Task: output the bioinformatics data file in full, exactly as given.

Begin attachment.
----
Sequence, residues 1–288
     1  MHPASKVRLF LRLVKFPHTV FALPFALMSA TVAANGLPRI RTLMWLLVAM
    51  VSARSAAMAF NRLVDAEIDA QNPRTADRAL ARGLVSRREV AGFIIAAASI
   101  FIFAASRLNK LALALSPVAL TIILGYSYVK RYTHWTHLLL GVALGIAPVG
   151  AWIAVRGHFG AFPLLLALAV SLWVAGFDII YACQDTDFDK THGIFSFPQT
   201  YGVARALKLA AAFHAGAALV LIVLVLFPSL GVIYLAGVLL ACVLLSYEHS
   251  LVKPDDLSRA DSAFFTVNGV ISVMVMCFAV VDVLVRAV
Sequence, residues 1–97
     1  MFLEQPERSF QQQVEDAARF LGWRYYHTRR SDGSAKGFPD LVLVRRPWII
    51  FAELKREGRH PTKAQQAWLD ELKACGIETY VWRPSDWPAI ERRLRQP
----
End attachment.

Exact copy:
Sequence, residues 1–288
     1  MHPASKVRLF LRLVKFPHTV FALPFALMSA TVAANGLPRI RTLMWLLVAM
    51  VSARSAAMAF NRLVDAEIDA QNPRTADRAL ARGLVSRREV AGFIIAAASI
   101  FIFAASRLNK LALALSPVAL TIILGYSYVK RYTHWTHLLL GVALGIAPVG
   151  AWIAVRGHFG AFPLLLALAV SLWVAGFDII YACQDTDFDK THGIFSFPQT
   201  YGVARALKLA AAFHAGAALV LIVLVLFPSL GVIYLAGVLL ACVLLSYEHS
   251  LVKPDDLSRA DSAFFTVNGV ISVMVMCFAV VDVLVRAV
Sequence, residues 1–97
     1  MFLEQPERSF QQQVEDAARF LGWRYYHTRR SDGSAKGFPD LVLVRRPWII
    51  FAELKREGRH PTKAQQAWLD ELKACGIETY VWRPSDWPAI ERRLRQP